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Kodak in vivo imaging system: precise coregistration of molecular imaging with anatomical X-ray imaging in animals

Kodak Molecular Imaging Systems introduces a line of small-animal in vivo imaging instruments that provide a new level of molecular signal localization in live animals. The Image Station In-Vivo FX allows precise multi-modal coregistration of optical or radioisotopic molecular images with high-resolution anatomical X-ray images in animals


Traditional research on disease mechanisms using animal models has relied mainly on the detection of morphological changes of the diseased tissues, with physical measurements and anatomical imaging or on the excision and pathological study of the tissues of interest. These methods often require long time periods for measurable changes to occur and require a large number of animal cohorts as multiple animals are often sacrificed at each time point for histological testing.

Over the last few years, exciting new molecular imaging agents have emerged from research laboratories that allow highly specific fluorescence-, luminescence- and radioisotope-based imaging of disease processes at the molecular level within living animals. These in vivo molecular imaging agents provide the potential for rapid detection of specific molecular and metabolic changes within target tissues in animals (or humans) long before morphologic changes can be detected. In addition, these molecular changes can be monitored in vivo without sacrificing the animal, resulting in lower cost, time savings and improved data by using the same live animal for continued studies.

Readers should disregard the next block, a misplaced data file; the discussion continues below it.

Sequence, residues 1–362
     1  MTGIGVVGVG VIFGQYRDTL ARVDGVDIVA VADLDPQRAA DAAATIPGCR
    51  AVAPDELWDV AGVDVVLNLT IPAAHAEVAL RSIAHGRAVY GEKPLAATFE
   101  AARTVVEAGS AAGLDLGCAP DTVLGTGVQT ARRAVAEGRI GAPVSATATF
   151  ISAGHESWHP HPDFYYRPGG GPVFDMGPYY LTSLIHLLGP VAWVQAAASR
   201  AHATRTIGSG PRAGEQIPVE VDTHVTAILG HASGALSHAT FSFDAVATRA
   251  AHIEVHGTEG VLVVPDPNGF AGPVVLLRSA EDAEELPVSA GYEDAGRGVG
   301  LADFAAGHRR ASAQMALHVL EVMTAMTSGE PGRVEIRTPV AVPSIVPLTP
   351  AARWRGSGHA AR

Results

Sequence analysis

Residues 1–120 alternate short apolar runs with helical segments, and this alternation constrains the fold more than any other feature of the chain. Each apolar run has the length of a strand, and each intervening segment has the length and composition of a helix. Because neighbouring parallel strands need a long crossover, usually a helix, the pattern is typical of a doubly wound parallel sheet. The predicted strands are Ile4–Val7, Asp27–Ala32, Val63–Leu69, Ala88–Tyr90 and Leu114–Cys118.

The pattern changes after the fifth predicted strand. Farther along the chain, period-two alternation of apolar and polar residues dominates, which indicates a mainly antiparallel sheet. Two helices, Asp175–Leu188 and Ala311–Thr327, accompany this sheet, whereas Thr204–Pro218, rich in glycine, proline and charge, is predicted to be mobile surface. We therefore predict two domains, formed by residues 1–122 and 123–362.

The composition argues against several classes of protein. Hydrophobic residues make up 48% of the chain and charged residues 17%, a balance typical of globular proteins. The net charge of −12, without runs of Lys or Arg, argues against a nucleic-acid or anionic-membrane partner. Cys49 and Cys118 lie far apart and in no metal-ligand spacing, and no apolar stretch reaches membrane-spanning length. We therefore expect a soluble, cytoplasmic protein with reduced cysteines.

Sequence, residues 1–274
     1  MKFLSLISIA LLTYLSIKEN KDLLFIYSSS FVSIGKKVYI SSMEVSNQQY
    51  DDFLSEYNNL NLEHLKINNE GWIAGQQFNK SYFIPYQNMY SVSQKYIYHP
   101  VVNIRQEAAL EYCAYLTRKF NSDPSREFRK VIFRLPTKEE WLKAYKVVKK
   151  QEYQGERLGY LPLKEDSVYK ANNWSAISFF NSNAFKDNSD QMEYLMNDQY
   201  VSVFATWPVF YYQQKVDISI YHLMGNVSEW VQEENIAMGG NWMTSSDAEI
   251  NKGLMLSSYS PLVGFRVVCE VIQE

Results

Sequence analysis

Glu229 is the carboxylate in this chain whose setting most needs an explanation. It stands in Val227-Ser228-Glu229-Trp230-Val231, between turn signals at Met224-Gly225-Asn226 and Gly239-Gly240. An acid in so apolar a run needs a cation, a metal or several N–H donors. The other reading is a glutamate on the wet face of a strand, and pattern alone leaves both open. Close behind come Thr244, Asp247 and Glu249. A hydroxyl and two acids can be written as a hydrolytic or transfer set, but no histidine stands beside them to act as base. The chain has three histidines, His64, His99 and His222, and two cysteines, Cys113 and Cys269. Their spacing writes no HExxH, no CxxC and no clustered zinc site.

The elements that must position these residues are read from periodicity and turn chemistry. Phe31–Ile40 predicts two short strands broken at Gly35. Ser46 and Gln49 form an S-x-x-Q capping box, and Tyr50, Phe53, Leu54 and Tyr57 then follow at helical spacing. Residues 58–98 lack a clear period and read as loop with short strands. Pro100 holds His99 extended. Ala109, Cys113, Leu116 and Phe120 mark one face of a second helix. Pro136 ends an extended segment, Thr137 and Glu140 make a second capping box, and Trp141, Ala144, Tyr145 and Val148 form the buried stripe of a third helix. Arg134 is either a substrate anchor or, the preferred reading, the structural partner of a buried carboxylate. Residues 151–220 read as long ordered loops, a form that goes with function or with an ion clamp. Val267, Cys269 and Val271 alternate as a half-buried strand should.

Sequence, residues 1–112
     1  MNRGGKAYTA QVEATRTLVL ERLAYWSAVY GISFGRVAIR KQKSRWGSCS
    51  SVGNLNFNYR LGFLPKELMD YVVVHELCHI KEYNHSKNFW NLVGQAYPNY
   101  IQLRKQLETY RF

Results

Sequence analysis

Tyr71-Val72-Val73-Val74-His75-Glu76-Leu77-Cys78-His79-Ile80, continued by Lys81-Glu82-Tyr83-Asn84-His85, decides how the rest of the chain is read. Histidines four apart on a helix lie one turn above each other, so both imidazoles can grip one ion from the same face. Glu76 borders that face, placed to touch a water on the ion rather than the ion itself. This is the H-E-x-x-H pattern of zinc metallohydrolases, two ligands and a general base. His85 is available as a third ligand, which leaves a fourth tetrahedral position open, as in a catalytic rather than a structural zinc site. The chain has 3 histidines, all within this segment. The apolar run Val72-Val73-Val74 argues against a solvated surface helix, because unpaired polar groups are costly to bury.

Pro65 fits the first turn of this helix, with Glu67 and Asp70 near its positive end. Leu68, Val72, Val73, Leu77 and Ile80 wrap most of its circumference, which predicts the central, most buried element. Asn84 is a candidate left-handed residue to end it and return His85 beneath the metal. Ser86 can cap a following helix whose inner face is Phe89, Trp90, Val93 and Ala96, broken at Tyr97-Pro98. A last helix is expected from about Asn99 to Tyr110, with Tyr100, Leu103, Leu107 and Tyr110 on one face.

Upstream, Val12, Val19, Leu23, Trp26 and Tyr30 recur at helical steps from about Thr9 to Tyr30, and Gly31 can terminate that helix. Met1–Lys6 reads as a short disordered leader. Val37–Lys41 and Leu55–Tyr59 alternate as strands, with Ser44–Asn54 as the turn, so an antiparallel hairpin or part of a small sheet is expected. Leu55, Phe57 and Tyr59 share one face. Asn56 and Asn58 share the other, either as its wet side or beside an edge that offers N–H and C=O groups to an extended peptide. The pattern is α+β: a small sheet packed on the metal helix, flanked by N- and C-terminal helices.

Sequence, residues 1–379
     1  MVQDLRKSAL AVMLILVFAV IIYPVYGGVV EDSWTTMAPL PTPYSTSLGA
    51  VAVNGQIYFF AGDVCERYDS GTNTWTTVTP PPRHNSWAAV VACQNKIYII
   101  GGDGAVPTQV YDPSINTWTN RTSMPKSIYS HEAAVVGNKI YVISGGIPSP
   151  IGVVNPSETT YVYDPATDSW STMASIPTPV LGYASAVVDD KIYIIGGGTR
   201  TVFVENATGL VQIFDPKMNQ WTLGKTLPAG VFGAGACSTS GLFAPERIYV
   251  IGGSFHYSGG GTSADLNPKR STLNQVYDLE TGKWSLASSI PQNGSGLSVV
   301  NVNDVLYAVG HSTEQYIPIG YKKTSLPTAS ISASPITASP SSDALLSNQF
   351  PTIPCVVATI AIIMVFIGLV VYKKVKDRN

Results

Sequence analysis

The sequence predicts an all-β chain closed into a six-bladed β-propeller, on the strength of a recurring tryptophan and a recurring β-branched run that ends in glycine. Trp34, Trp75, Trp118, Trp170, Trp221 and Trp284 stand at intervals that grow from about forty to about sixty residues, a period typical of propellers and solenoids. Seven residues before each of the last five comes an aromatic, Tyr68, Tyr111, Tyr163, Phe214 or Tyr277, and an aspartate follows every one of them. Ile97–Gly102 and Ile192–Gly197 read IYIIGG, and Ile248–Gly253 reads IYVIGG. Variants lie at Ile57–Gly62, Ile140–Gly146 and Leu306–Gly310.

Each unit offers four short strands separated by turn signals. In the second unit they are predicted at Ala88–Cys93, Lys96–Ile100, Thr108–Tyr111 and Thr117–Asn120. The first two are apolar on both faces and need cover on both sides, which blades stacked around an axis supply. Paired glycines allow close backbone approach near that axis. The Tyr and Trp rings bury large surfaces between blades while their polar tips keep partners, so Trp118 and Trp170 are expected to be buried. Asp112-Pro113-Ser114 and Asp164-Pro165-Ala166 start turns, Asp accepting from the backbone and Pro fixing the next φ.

The need for multimodal imaging
One major advantage of optical molecular imaging over anatomical imaging is the use of dark-field imaging methods that allow high levels of target signal over the surrounding background signal. Dark-field contrast, however, does not typically provide the appropriate contextual anatomic information for useful localization of the molecular imaging signals within the animal. Limited anatomic context of darkfield agents has been provided using digital imaging overlay techniques in which the dark-field contrast is superimposed on a reflection image of an experimental animal.